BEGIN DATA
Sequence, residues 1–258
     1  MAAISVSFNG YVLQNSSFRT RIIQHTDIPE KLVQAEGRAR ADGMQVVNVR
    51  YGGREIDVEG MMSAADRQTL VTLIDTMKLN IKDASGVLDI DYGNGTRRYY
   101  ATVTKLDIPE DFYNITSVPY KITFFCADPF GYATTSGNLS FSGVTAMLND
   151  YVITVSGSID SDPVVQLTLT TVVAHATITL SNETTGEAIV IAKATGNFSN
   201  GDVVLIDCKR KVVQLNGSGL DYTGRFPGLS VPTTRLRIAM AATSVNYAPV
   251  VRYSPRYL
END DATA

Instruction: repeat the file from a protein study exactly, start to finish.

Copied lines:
Sequence, residues 1–258
     1  MAAISVSFNG YVLQNSSFRT RIIQHTDIPE KLVQAEGRAR ADGMQVVNVR
    51  YGGREIDVEG MMSAADRQTL VTLIDTMKLN IKDASGVLDI DYGNGTRRYY
   101  ATVTKLDIPE DFYNITSVPY KITFFCADPF GYATTSGNLS FSGVTAMLND
   151  YVITVSGSID SDPVVQLTLT TVVAHATITL SNETTGEAIV IAKATGNFSN
   201  GDVVLIDCKR KVVQLNGSGL DYTGRFPGLS VPTTRLRIAM AATSVNYAPV
   251  VRYSPRYL